Brewery De Halve Maan

Initial situation

Brewery De Halve Maan has been making its famous beer for over five centuries right in the heart of historic Bruges. Reports from way back in 1441 indicate that the brewery was already present at the current site. Bruges has always had a very rich history of breweries, especially during the inter-war period when more than 30 breweries were operating. Today, De Halve Maan is the last brewery to keep this tradition alive in the historic centre.


Over the years, the brewery has invested heavily in keeping its activities sustainable.  In 2010, De Halve Maan opened a new site outside the city, on the industrial park Waggelwater, where the heaviest industrial activities have taken place ever since: filtering, the filling of beer in kegs and bottles, storage and logistics. Today every litre of the famous “Brugse Zot” is still brewed on the historic site of the Walplein. With its new pipeline, the brewery wants to banish the heavy trucks, which sometimes drive up to 12 times a day between the two locations, from the city centre. The route creates hazardous situations and has been troublesome for the inhabitants and the many tourists that visit Bruges daily.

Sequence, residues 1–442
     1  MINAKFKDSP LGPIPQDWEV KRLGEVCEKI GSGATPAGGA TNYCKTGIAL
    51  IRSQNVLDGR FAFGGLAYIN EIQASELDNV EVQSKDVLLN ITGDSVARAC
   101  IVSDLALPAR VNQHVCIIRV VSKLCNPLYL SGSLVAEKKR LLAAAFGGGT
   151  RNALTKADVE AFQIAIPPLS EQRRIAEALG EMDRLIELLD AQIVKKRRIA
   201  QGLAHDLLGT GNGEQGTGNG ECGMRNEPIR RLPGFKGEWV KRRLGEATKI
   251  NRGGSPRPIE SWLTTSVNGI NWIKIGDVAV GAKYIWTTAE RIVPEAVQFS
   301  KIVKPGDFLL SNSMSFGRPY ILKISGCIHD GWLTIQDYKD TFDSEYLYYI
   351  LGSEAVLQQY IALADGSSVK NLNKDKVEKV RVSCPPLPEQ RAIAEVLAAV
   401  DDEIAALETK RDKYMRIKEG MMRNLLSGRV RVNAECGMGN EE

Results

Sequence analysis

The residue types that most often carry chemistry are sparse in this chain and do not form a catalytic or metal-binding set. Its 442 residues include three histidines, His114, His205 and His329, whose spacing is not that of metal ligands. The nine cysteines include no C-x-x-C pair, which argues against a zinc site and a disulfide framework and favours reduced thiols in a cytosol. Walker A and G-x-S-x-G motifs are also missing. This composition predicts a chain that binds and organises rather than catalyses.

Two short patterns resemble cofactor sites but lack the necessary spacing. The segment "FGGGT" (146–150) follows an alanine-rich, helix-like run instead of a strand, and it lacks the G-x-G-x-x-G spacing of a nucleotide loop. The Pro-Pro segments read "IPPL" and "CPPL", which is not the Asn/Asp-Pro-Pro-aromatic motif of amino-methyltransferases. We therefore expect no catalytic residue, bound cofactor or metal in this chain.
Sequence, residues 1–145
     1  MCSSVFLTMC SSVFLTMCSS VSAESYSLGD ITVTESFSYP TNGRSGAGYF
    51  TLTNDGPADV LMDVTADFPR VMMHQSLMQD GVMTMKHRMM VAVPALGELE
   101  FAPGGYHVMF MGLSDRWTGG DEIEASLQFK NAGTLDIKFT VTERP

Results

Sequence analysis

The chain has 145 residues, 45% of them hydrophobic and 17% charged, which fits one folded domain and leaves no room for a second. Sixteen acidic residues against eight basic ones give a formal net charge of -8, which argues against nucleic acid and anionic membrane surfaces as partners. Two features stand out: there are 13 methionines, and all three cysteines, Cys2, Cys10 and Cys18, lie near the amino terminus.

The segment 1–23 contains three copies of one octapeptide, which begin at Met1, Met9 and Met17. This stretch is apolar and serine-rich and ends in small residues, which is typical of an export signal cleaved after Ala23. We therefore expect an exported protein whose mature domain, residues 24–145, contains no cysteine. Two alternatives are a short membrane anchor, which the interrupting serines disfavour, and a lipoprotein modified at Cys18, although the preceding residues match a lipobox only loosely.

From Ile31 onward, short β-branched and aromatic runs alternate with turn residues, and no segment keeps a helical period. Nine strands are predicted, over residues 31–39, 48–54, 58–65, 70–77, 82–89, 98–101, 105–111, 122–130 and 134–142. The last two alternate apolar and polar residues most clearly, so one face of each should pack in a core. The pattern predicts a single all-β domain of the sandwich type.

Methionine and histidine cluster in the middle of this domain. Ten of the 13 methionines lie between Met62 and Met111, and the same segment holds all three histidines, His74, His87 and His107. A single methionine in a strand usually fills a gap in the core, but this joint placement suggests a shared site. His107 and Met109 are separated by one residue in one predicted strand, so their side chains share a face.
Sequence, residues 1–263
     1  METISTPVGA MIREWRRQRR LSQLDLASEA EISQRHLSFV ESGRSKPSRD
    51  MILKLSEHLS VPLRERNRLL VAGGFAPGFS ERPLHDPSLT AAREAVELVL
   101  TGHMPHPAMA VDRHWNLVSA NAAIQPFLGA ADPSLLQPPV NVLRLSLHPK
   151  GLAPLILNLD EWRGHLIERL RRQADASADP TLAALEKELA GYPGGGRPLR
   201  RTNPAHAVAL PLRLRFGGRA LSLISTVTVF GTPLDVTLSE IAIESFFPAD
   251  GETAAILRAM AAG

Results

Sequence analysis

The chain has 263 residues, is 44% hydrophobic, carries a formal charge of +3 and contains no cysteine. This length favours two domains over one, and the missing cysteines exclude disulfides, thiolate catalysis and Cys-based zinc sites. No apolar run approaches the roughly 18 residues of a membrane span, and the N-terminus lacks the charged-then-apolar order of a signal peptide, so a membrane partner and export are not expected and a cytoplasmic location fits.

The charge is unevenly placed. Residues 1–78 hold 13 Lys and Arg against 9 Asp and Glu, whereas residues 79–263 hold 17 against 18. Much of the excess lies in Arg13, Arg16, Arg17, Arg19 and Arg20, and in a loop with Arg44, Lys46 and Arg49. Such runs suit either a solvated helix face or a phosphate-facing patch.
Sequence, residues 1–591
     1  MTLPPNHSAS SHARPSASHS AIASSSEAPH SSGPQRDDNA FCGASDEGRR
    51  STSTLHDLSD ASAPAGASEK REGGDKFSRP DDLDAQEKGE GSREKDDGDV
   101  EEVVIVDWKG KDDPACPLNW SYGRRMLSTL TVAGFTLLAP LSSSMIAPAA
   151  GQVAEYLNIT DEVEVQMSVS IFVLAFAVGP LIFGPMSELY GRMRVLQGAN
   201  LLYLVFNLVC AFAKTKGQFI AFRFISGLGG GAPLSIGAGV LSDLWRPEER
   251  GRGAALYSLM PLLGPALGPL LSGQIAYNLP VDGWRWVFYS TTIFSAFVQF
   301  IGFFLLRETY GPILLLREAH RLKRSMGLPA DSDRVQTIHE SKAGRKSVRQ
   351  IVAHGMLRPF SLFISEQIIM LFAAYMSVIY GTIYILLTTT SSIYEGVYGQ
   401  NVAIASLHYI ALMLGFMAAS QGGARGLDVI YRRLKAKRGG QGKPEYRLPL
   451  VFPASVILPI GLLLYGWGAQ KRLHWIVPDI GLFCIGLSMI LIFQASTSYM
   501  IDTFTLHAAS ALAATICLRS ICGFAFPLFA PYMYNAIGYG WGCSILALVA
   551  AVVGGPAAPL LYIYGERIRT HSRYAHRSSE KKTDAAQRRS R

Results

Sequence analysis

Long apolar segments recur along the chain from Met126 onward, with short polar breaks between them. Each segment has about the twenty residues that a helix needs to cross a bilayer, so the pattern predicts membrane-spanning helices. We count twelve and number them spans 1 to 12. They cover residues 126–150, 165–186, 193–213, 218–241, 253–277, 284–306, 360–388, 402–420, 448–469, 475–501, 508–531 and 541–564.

Multimodal solution

In 2014, the brewery launched its visionary plan to transport its beer underground. “This is an extremely innovative technique which will realize economic growth and urban sustainability” writes Xavier Vanneste, director of De Halve Maan. The construction process took about 6 months. The pipeline runs through a 3276-meter-long tube, starting from the brewery hall in the centre of Bruges and going all the way to the new site in Waggelwater. At one location, the tube runs several meters deep under a parking lot. There are two pipelines running next to each other, which carry both Brugse Zot and Straffe Hendrik.

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